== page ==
The STEEP framework provides a useful structure for the discussion of the external environment. As you may well have noted, however, the distinction between the factors is rather artificial. Many political decisions have an economic impact, and almost all economic factors have a political dimension. Social behaviour is influenced by new technology, and in turn influences political decisions.
Environmental issues have strong social, political and economic elements, and the implementation of environmentally acceptable solutions often depends on the adoption of new technology.
It is important not to worry too much about how to classify external factors, but to be aware of how they may affect your organisation, your role and what customers value.
Most organisations attempt to keep abreast of and sometimes to forecast changes in their external environment, and we consider this next.
In this blog we consider what managers need to be aware of in the environment beyond customers, suppliers and competitors, although you should still focus on maintaining and improving value to your customers as you think about this far environment.
Changes in the far, or external, environment can be both a threat and a source of opportunities to organisations. It follows that managers who can monitor and understand their far environments are likely to be more effective.
To be able to do this, you must understand the main elements of your organisation's far environment, and then improve your knowledge of them and how they are likely to affect your organisation arid the field in which it operates.
Even if you are not in a position to influence how your organisation responds to the far environment, understanding how it is changing can help you to manage some of the ways in which your organisation has chosen to respond.
We will look briefly at the range of factors in the far environment that can influence organisations, although of course which factors are important will vary between organisations. We will do this under the five headings of sociological, technological, economic, environmental and political factors (STEEP). Then we will look at what you can do to keep abreast of external changes that may impact on your organisation.
We live quite differently from the way our parents did when they were our age, and we can see that the world in which today's children will live and work as adults will be different again. Sociological factors that are likely to affect organisations include demographic changes, patterns of work, household and social structure, morbidity and mortality, and gender roles, which may all influence changing social needs.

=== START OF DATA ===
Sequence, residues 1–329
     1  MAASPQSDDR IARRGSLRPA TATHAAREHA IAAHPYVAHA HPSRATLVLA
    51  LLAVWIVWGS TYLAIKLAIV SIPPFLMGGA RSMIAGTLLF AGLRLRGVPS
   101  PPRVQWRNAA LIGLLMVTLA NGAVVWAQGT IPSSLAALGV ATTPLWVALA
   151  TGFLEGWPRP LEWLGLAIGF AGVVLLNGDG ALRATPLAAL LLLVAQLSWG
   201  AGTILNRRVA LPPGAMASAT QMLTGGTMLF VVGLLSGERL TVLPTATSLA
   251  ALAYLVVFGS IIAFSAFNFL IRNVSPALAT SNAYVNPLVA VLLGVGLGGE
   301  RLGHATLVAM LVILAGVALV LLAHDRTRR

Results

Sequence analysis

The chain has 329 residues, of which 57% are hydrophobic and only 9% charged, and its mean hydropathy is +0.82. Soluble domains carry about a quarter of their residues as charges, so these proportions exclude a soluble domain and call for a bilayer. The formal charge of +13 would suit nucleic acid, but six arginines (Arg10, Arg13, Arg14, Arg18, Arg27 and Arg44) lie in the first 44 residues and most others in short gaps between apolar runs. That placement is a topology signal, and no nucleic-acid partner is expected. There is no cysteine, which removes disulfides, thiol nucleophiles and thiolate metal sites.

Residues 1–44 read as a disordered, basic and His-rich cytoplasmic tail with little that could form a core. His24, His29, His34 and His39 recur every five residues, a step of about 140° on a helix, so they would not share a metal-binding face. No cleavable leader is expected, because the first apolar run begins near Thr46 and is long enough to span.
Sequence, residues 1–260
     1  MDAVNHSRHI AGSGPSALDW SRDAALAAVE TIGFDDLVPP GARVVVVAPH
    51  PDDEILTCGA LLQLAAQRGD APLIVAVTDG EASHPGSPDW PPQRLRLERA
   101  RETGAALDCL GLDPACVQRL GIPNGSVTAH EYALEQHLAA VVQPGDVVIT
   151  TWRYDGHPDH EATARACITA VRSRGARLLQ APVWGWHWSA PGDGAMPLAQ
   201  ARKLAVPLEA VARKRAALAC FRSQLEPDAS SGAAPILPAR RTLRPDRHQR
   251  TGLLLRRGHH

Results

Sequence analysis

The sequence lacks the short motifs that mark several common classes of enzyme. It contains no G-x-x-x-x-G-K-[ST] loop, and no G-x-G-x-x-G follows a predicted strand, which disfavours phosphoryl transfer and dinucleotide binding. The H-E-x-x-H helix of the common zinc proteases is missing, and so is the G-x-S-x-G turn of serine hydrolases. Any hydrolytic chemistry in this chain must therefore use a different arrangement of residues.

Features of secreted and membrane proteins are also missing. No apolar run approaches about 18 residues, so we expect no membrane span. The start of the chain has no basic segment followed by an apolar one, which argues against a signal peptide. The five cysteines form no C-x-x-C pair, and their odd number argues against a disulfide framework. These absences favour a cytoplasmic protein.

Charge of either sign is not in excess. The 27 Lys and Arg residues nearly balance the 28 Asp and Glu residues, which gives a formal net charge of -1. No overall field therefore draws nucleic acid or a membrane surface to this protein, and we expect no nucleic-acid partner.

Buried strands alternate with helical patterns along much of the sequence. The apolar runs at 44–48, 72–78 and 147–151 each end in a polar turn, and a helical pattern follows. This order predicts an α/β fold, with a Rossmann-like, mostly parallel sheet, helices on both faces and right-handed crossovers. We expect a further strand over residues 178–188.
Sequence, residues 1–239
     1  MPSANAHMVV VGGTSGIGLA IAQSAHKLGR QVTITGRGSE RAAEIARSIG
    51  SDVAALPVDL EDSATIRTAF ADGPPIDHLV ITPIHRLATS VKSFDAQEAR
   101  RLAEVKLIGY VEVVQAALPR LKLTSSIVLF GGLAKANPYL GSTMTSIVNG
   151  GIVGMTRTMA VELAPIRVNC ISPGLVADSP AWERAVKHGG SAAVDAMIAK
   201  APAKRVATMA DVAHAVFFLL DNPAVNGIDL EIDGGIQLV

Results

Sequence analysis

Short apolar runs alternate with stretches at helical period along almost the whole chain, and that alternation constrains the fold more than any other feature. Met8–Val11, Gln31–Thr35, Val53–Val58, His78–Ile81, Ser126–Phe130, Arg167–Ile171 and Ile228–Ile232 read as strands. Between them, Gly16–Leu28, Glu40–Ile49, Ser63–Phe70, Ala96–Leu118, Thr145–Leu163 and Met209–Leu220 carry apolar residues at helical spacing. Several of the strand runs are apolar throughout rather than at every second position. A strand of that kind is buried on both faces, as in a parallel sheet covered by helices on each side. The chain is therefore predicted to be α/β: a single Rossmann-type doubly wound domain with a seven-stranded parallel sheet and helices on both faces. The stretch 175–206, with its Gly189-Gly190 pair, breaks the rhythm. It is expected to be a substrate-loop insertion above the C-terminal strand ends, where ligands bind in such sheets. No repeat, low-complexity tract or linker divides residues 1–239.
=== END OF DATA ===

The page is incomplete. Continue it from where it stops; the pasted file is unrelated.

Demographic changes in the West, where both birth rates and death rates are declining, mean that the number of people of pensionable age in developed OECD countries will rise by 70 million by 2025, while the working-age population will rise by only 5 million (OECD).
This ageing of the population will affect the demand for consumer products and services and for the public and caring services provided by public and non-profit organisations the income, tax and donor base to fund them, and also the size of the workforce and the availability of labour.
Patterns of work continue to change. Few people entering the job market today expect lifelong employment with the same employer, and careers will often consist of several jobs and possibly periods of unemployment.
There has been a substantial growth in part-time jobs, most of them done by women. In most European countries the number of women in paid employment is now similar to the number of men. Household and social structures are very different now from the `typical' household consisting of two parents and one or more children.
The decline in traditional social structures based on class, religion and family has led to increasing mobility and freedom of choice. However, it has also created new social problems and issues, such as an increase in homelessness and a decline in traditional family support structures, with their impact on the services and products of many organisations.
Technological factors Just as the industrial revolution altered the way people lived in previous centuries, moving them from rural areas to towns and creating new markets, customer needs and public services, so the information technology revolution may be doing the same in this century. The information revolution is leading to worlds of work and living substantially different from the ones we have been familiar with.
Changes in information and transport are:
Next month we will look at Economic factors.